Character Analysis: Holden Caulfield Holden Caulfield, the main character in the famous novel “The Catcher in the Rye”, by J.D Salinger, is a strange character. Holden is a teenager, 16 years old to be exact, who is conflicted about moving on to adulthood, or growing up. Although in many ways physically mature enough to pass for an adult, Holden enjoys the innocent childlike pleasures he enjoys, and fights to hold on to his childhood for as long as possible. Holden Caulfield changes throughout this story from a child trying to stay young, to a young man ready to take on the challenges and trials that will inherently transform him into an adult who is ready and prepared to fulfill his duty in society. Early in the book, Holden tells us he likes to lie. Sometimes it is for no reason, but other times I think he is trying to avoid conflict, or avoid a real good adult conversation. For example, early on in the book, Holden is having a conversation with his teacher, Mr. Spencer. “’Life is a game boy.’ … ‘Yes, sir. I know it is. I know it.’ Game my ass. Some game. If you get on the side where all the hot-shots are, then it’s a game, all right- I’ll admit that.” (pg. 8, Salinger) Mr. Spencer believes that life is a game, and also thinks that this is something Holden should know about, but Holden blows off Mr. Spencer’s statement by basically agreeing with it, even though he clearly does not agree that “life is a game”. The reason Holden is pretending to agree with Mr. Spencer is because he does not wish to have meaningful conversation, an activity some might deem adult. The reason for this “phobia” of adulthood that Holden seems to have is that he believes that once you become an adult, you are phony and no longer innocent. For example, Holden believes that Ossenburger, a successful alumni of Pency, is phony because he likes to talk about “what a swell guy he was, what a hot shot and all” (pg. 16, Salinger). Although Ossenburger might have been a very successful man, it is his success that makes him unlikeable to Holden. Another example of a successful person who Holden doesn’t like is Ernie, a piano player at a club he manages. He doesn’t like Ernie because “he’s a terrific snob and he won’t hardly even talk to you unless you’re a big shot or a celebrity… I certainly like to hear him play” (pg. 80, Salinger). Once again, Holden believes that although Ernie is good at what he does, he thinks he is too good for anyone except people that are “big shots”. In both of these cases, Holden is jealous of these successful people’s talents or work, jealousy being a characteristic generally associated with being childlike. This is partly the reason he does not wish to fervently pursue anything important. If he feels that success makes people phony or unlikeable, then why would he want to be successful in an adult way? Instead, he believes that children’s successes are of much greater value, i.e. Jane during her childhood “’she wouldn’t move any of her kings… when she’d get a king, she wouldn’t move it. She’d just leave it in the back row.’” (pg. 32, Salinger) Although a very silly and childish accomplishment to admire from an adult point of view, Holden thinks it is worth the time to mention to Stradlater, his roommate, because Holden thinks that childlike accomplishments are much less “phony” and more enjoyable than adult successes. Near the end of the novel, Holden learns an important lesson. After a long and arduous conversation with Phoebe, his sister, she asks him what he likes and what he would like to be. You see, the trouble with thinking that everything important is phony and stupid is that it motivates you to do absolutely nothing with your life. Holden thinks for a long time about what he likes, and all he can come up with is how much he likes conversation with Phoebe and “catching” people in the rye, a misread of a poem that actually says “if a body meet a body comin through the rye” (pg. 173, Salinger). Holden wants to save children’s innocence and keep them children, because adulthood is phony and bad, but Holden also realizes that this too is an impossible and childish goal when he walks into the school and finds the F-bomb scratched into the wall there. After finding this and being unable to wash it off, Holden realizes that “if you had a million years to do it in, you couldn’t rub out even half the ‘F you’ signs in the world.” (pg. 202, Salinger). This moment in the book is very significant in terms of analyzing Holden. First, it shows that he finally has realized that there is no way to stop children from entering adulthood and thus losing their innocence. Phoebe tells him to shut up later, on page 208, which further convinces him that not even his own sister can be completely safe from the world, because Holden has an effect on her. This shows that Holden finally realizes that he himself has to grow up. After 207 pages of being a child in an adult body, he discovers that not even he can stay pure and childlike forever, no matter how hard he tries. He has already smoked too many cigarettes, cussed too many times, necked with too many girls, and finally, pretended to be an adult so often that he himself has become one. Stephen Baldwin writes an interesting remark about Holden. “He wants time itself to stop. He wants beautiful moments to last forever, using as his model the displays in glass at the Museum of Natural History, in which the same people are shown doing the same things year after year.” (Baldwin). Although stopping time is impossible, Holden wants to keep everything the same and act like everything will stay the way it has. Museums change, children change, society changes, school changes, but most importantly, Holden realizes that he also changes, and has changed for a long time. In the end of the book, Holden tells us that he plans to apply himself in school, at least he thinks he does. “I mean how do you know what you’re going to do till you do it? The answer is, you don’t. I think I am, but how do I know?” (pg. 213, Salinger). Although Holden believes he will apply himself, he isn’t going to tell us that he is planning on it. Just that when the time comes to be an adult, he thinks he’ll be ready to be successful, which is all he can really know at this point, because maybe by the fall he’ll have changed again, and he’ll think application is “phony”. Holden’s story isn’t a story about childhood lasting forever, or about a boy’s dream to keep children innocent forever, but it’s a tale of the angst inspired transformation of a boy who becomes a man, a boy obsessed with his past who overcomes his history to finally realize that he needs to be the man he was meant to be, focused not in the past, not in the future, but focused entirely in the present, because that’s all he can control.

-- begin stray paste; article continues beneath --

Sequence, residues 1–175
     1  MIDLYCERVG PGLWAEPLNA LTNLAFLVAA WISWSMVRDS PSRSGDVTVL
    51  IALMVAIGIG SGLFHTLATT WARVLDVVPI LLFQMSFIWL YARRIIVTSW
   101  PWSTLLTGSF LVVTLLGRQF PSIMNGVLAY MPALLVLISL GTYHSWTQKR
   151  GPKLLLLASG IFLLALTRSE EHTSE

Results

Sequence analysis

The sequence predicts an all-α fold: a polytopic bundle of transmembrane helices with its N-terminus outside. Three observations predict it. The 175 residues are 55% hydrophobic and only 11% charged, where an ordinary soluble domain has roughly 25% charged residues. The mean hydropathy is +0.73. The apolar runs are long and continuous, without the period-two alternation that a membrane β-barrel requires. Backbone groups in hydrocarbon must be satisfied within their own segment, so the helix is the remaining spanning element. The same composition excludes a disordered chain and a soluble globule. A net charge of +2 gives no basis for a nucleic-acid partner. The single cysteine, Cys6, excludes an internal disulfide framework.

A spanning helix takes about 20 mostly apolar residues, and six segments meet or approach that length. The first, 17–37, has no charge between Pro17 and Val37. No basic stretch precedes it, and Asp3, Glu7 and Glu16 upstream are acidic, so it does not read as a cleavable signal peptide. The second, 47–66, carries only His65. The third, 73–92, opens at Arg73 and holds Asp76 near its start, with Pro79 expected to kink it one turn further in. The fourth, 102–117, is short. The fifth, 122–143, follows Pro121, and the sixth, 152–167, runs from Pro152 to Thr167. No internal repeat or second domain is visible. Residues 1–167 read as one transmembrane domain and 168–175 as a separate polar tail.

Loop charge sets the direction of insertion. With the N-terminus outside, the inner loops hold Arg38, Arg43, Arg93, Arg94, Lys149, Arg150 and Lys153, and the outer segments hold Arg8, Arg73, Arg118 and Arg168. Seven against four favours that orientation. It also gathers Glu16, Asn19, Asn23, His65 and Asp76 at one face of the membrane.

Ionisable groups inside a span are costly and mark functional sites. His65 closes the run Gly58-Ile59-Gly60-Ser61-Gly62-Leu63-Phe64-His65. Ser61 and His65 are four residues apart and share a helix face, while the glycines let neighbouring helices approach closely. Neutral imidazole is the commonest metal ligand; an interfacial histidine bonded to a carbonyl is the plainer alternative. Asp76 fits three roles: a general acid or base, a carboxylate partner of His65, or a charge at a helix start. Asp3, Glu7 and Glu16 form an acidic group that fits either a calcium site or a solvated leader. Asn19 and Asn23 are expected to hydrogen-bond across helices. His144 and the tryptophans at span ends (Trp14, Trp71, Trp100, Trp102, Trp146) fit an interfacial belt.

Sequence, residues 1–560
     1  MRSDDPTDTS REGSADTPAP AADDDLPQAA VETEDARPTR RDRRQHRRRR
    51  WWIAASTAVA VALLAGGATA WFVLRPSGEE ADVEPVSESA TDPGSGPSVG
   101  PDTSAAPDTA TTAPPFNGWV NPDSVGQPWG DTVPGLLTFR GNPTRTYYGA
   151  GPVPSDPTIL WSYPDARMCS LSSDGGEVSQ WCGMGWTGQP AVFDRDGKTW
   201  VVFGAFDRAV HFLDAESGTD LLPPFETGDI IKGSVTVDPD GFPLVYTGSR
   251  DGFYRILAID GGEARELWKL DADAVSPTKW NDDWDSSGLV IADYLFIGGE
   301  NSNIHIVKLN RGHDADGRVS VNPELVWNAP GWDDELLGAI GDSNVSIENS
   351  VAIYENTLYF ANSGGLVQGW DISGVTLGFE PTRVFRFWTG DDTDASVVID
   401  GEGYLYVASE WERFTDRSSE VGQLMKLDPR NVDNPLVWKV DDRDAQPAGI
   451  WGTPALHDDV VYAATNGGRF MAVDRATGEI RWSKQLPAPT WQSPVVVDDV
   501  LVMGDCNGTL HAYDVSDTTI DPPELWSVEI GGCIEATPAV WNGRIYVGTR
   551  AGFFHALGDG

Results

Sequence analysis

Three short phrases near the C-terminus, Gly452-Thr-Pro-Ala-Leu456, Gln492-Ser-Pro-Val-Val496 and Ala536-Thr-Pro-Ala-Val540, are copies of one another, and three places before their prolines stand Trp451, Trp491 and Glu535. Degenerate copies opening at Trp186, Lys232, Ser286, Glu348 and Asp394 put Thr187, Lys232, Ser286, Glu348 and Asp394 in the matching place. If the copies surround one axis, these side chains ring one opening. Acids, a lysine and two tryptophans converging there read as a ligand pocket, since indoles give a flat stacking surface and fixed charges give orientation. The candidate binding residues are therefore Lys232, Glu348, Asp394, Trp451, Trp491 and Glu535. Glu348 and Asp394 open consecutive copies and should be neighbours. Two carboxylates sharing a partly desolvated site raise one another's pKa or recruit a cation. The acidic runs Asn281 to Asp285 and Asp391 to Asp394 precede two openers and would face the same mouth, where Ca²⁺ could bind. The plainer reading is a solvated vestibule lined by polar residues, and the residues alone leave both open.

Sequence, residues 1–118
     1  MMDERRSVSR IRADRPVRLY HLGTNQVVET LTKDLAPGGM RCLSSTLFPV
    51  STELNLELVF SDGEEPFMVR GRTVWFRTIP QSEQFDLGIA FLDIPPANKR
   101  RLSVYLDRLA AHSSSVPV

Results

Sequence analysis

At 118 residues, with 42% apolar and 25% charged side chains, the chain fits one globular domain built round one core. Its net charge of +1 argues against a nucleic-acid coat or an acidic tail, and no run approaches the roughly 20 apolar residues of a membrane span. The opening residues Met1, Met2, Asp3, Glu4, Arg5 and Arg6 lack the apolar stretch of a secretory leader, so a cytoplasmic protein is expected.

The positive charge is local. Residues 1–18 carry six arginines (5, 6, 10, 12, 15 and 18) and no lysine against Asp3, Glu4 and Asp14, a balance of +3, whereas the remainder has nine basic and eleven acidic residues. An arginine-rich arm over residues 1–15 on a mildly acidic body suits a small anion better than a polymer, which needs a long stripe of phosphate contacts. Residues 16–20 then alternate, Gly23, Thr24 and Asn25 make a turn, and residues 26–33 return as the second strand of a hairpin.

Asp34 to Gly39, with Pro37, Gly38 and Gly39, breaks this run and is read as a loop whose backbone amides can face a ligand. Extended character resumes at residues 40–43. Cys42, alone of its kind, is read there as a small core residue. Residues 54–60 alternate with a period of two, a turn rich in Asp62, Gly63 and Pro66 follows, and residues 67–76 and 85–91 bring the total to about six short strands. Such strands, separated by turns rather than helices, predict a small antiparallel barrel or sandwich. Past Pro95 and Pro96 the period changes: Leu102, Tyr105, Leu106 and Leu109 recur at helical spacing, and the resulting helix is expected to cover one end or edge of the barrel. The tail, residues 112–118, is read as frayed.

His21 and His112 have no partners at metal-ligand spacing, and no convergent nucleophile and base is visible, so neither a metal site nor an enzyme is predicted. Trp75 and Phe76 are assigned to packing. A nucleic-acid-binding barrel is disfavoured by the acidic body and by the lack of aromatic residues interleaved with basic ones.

Works Cited
Salinger, J.D. The Catcher in the Rye. New York: Little, Brown, 1951. Print.
Baldwin, Stephen P. CliffsNotes on The Catcher in the Rye. 02 Feb 2015
</literature/c/the-catcher-in-the-rye/the-catcher-in-the-rye-at-a-glance>.

Cited: Salinger, J.D. The Catcher in the Rye. New York: Little, Brown, 1951. Print. Baldwin, Stephen P. CliffsNotes on The Catcher in the Rye. 02 Feb 2015 </literature/c/the-catcher-in-the-rye/the-catcher-in-the-rye-at-a-glance>.